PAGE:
Date of Award

Spring 2006

Document Type

Legacy Thesis

Degree Name

Bachelor of Science (BS)

Department

Marine Science

College

College of Science

First Advisor

Eric Howington

Abstract/Description

There are many factors that contribute to mosquito breeding and the possible spread of mosquito-borne diseases, so it is important to consider all of them in order to have an effective control program. These factors include differing control methods, vector competence, habitat selection and breeding preference. Statistical analyses will be performed to compare the larval presence between natural and man-made habitats, and also to make comparisons between the locations of the sites. Spatial analyses will be performed to display the difference in distribution of the larval habitats, as well as showing the proximity of these different sites to residential areas. The overall purpose of this study is to show whether the mosquito species identified as competent vectors of West Nile Virus breed more heavily in man-made or natural habitats, and whether there is a difference in the proximity of man-made or natural habitats to residential areas. It is hypothesized that man-made sites will produce more mosquitoes than natural sites, and that man-made sites will be located closer to residential areas.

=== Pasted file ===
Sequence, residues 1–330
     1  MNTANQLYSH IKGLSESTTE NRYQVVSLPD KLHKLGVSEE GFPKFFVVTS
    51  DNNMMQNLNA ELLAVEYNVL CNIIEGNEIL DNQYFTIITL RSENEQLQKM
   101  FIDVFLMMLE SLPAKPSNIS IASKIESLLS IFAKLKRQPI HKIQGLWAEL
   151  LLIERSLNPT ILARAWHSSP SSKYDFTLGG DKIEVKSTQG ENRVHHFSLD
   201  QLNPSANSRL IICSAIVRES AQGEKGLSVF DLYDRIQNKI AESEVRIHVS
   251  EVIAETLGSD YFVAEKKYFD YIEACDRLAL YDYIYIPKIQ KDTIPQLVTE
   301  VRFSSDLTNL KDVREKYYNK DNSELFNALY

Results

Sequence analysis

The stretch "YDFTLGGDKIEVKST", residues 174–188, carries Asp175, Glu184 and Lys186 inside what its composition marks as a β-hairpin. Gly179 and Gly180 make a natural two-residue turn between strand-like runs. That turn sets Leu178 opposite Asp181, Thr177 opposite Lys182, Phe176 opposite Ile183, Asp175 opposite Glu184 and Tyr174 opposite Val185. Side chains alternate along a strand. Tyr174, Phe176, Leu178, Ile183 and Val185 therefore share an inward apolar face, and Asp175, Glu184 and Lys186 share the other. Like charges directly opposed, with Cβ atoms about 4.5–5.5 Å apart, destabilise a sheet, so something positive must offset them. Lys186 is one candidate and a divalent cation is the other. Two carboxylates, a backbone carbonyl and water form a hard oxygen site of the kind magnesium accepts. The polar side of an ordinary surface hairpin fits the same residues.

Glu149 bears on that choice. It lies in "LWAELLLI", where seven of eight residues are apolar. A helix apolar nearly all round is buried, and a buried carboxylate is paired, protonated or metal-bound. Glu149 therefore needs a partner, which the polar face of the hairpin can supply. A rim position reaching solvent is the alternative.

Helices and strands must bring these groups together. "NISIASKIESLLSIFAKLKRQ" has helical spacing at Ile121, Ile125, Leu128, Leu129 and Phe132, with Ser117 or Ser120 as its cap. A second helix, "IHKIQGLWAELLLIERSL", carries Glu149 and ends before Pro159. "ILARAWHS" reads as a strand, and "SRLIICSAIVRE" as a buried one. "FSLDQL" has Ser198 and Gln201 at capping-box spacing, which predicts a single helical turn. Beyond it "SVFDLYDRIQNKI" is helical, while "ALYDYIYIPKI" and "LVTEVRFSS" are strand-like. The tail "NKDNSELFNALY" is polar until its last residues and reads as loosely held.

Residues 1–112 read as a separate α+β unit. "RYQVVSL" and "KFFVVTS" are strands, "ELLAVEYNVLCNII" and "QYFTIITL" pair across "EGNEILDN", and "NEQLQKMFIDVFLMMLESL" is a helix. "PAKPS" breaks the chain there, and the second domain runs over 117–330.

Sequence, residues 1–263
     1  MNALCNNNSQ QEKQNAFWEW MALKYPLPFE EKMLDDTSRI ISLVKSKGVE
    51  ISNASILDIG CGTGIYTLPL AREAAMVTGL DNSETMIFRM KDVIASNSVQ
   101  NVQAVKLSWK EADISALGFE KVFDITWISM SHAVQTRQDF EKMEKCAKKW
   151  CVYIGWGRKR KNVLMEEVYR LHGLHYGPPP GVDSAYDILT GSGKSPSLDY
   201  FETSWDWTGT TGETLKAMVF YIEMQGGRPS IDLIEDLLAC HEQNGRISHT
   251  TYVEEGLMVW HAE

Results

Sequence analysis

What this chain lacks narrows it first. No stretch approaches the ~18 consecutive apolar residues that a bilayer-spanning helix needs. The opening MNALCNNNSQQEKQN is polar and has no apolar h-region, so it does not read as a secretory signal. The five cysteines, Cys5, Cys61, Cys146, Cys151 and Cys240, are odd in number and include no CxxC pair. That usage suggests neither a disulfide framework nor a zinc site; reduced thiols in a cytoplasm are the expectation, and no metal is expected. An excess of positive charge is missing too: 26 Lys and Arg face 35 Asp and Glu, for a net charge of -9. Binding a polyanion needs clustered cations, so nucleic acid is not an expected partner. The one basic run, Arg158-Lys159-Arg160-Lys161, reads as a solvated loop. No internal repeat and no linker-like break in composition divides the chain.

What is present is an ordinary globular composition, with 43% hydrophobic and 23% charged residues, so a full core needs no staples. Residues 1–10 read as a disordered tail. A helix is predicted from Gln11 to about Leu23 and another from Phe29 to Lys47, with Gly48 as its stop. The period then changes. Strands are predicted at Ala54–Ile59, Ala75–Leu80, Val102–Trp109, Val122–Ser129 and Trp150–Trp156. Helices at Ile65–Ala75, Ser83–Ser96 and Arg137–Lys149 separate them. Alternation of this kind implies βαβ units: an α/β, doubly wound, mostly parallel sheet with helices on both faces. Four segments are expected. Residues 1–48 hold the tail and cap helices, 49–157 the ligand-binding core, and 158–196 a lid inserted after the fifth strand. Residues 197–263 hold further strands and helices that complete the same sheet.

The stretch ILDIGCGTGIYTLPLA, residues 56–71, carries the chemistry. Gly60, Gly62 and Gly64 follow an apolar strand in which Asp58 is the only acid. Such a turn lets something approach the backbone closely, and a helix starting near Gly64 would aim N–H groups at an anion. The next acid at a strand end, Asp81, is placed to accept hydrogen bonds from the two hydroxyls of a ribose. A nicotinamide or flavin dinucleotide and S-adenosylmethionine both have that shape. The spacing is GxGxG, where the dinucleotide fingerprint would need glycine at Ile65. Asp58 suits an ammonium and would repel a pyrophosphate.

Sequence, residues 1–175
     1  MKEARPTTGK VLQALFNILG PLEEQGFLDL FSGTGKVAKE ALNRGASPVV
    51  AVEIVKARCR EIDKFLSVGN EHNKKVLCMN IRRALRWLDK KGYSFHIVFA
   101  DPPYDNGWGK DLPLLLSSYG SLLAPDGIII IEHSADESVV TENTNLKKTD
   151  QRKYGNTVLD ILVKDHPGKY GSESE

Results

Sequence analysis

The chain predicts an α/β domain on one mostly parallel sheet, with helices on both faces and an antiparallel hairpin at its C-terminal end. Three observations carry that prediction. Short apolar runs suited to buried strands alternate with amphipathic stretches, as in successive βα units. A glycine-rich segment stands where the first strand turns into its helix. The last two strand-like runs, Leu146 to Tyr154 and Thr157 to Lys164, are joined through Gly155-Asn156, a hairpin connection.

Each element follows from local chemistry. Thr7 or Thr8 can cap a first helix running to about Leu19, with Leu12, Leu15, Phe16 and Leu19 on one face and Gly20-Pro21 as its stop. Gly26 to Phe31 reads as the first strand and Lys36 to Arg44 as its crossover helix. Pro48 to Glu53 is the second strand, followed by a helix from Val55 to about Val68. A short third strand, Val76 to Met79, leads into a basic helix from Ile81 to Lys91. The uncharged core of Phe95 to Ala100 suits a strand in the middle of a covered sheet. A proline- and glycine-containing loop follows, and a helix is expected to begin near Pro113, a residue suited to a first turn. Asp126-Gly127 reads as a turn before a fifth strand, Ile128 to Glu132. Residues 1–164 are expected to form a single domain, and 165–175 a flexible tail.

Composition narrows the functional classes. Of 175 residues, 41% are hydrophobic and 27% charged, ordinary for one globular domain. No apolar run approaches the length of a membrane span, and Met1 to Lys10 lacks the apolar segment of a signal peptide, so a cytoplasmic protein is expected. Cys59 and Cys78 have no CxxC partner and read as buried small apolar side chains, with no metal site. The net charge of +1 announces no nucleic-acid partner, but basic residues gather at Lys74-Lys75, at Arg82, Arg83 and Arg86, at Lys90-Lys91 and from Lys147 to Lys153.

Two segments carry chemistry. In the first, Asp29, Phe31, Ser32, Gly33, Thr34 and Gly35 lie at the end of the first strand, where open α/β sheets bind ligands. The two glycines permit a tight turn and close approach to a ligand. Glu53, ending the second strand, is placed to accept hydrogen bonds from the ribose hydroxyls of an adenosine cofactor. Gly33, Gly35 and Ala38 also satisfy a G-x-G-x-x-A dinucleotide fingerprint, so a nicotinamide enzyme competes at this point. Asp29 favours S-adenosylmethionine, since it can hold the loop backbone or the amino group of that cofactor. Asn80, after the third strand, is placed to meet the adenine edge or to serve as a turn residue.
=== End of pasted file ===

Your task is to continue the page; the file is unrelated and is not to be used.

Creative Commons License

Creative Commons Attribution-Noncommercial-No Derivative Works 4.0 License
This work is licensed under a Creative Commons Attribution-Noncommercial-No Derivative Works 4.0 License.

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